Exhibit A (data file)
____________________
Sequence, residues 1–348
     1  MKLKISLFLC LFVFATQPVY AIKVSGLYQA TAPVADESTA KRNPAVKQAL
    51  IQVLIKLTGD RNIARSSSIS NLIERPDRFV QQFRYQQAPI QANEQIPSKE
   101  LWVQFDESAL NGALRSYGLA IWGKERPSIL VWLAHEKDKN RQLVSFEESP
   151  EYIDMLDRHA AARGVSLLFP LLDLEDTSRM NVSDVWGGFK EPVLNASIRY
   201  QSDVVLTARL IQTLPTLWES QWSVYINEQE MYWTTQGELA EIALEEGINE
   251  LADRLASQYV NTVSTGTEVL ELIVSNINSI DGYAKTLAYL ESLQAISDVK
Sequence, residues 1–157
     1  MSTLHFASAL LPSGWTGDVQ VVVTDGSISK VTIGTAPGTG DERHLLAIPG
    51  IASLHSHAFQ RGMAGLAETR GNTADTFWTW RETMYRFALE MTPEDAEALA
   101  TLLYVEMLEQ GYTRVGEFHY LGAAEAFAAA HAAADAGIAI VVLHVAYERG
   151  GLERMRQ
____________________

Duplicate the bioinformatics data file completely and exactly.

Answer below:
Sequence, residues 1–348
     1  MKLKISLFLC LFVFATQPVY AIKVSGLYQA TAPVADESTA KRNPAVKQAL
    51  IQVLIKLTGD RNIARSSSIS NLIERPDRFV QQFRYQQAPI QANEQIPSKE
   101  LWVQFDESAL NGALRSYGLA IWGKERPSIL VWLAHEKDKN RQLVSFEESP
   151  EYIDMLDRHA AARGVSLLFP LLDLEDTSRM NVSDVWGGFK EPVLNASIRY
   201  QSDVVLTARL IQTLPTLWES QWSVYINEQE MYWTTQGELA EIALEEGINE
   251  LADRLASQYV NTVSTGTEVL ELIVSNINSI DGYAKTLAYL ESLQAISDVK
Sequence, residues 1–157
     1  MSTLHFASAL LPSGWTGDVQ VVVTDGSISK VTIGTAPGTG DERHLLAIPG
    51  IASLHSHAFQ RGMAGLAETR GNTADTFWTW RETMYRFALE MTPEDAEALA
   101  TLLYVEMLEQ GYTRVGEFHY LGAAEAFAAA HAAADAGIAI VVLHVAYERG
   151  GLERMRQ